Death is a normal part of life — one that isn’t necessarily welcome, though. Nearly 60 million people die each year of various causes. Each death is as devastating to the ones they leave behind.
If you have experienced death in the family, you might be at a loss for what to do when someone dies. It can be hard to know the next steps while you’re grieving.
Still, we hope this guide will make it easier for you. Keep on reading to learn what to do after someone dies.
Right After Death
Although we understand that you might not be in the right emotional state to handle some things, you’ll have to do a couple of tasks immediately after death. Learn the important steps below:
Get a Legal Pronouncement of Death
You need an official declaration of death for the death certificate, and you must get it ASAP. If someone died with a medical professional around, the staff will handle this.
If the person died at home, however, you need a medical professional to declare the death. You can take them to the ER or call 911. If they passed away while in hospice care, call the staff nurse.
Contact Friends and Loved Ones
You’ll have to pass the bad news along to your other family members and the friends of the deceased. You can check the deceased’s contacts to see whom you need to inform. Contact any of their social groups you’re aware of, like their coworkers or churchmates.
You can text or call; the latter is preferable if you’re contacting the immediate family members or closest friends. You can also ask some of those you contact to pass the message along. This will take some burden off you.
After you’ve made sure everyone important knows, you can also post on social media about the death. This will inform everyone else, but be mindful – no one likes getting the news about someone important to them on social media.
What to Do When Someone Dies
In an ideal scenario, your family would already have done funeral planning, especially for the older family members. For unexpected deaths, however, it’s unlikely you would already have a plan in place.
In that case, you’ll have to do the following:
Make Funeral, Burial, or Cremation Arrangements
You’ll have to look up funeral homes and ask for quotations. You’ll then have to decide where you want to hold the internment, whether you want to bury or cremate the body, and so on. You also have to choose the needed items, like a coffin or urn, grave marker, and such.
To make things easier, you can also talk to a funeral director who can arrange the funeral for you. You should get the whole family in the planning so you can distribute tasks.
Handle Care of Person’s Property and Family
You’ll have to take care of the properties of the deceased, such as their home, vehicles, and pets. Contact someone to watch over the house and the vehicles; if none are available for this task, at least make sure to secure them.
If there are any pets or kids that need supervision, ask a relative to take them in. You can also put pets in a kennel if you have no other options.
A Few Weeks After Death
Funerals are hectic, so you won’t have time to do the following until afterward. Prepare yourself, though, as you still have a lot to do.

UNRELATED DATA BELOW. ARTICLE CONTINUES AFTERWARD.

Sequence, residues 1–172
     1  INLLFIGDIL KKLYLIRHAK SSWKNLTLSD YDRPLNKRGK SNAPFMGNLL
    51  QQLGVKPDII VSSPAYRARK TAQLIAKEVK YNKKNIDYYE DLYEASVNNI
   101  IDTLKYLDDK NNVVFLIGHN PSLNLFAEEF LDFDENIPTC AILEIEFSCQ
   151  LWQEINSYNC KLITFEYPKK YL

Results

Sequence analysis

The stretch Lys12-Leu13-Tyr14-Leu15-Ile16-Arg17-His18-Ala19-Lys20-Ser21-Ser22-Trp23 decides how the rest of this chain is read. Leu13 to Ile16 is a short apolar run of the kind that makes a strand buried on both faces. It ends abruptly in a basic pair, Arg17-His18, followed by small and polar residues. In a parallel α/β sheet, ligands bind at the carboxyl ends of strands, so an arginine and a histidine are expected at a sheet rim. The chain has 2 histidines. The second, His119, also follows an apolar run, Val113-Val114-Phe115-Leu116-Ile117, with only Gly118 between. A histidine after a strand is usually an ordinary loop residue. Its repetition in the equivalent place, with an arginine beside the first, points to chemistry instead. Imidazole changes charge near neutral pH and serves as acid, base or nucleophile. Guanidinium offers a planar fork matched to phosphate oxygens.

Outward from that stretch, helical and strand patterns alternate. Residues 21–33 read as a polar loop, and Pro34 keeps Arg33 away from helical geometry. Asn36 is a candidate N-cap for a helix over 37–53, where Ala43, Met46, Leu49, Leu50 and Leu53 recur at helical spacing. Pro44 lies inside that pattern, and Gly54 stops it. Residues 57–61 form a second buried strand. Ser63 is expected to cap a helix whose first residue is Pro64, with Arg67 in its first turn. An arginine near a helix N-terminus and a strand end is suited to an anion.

Secure Death Certificates
You can ask the funeral home to assist you in getting death certificates. You can also get them yourself from the records office or the city hall.
Get multiple copies – around 10 is a safe bet. You’ll need a copy for each institution, company, and account your family member has an affiliation with.
Contact the Attorney, CPA, and Executor
It’s then time to talk about the will and execute it. You’ll have to look for it or contact the lawyer of the deceased.
The will usually name an executor, who’ll need to get involved in most affairs going forward. A probate court judge will name an administrator in the absence of an executor.
You might also have to hire lawyers and CPAs. A lawyer is useful for helping you handle an estate worth over $50,000. You need the CPA to file a tax return, as well.
Contact the Institutions That Need Notification
You’ll need to contact a lot of companies and government agencies when someone dies. This is where you’ll need the death certificates. In general, you’ll have to notify the following:
You’ll have to call the HR department of the deceased’s employer. Ask about any life insurance policy through the company, benefits, or any pay due.
Life Insurance Company
You’ll then have to make claims on any policy the deceased may have had. On that note, you must also remind other family members that have the deceased as their beneficiary on their policy.
Social Security Administration
If the deceased was receiving Social Security benefits, you have to put a stop to the checks. Take this opportunity to ask if there are any survivor benefits, as well.
The Veterans Administration may also be making monthly payments to the deceased. You may also ask about any benefits.
Take Care of the Deceased’s Accounts
You’ll also have to handle the deceased’s bank accounts, credit accounts, and such. Close bank accounts and credit cards by sending a death certificate. You may have to settle payments first, though.
Send a death certificate to the major firms, as well: Equifax, TransUnion, and Experian. This will prevent identity theft; pay attention to this as 2.5 million cases of stolen identities from deceased individuals happen each year.
You’ll also have to close the utility services of the deceased and any other insurance policies, like home and auto.
Don’t Hesitate to Seek Support
While taking care of all the things the deceased left behind, don’t forget to take care of yourself, too. It’s unfortunate you can’t grieve without having to handle these matters. With the right type of support, however, you’ll be able to come out of this stronger.
At the least, you now know what to do when someone dies. Do you need further help? Don’t hesitate to check out our lifestyle and family guides for more.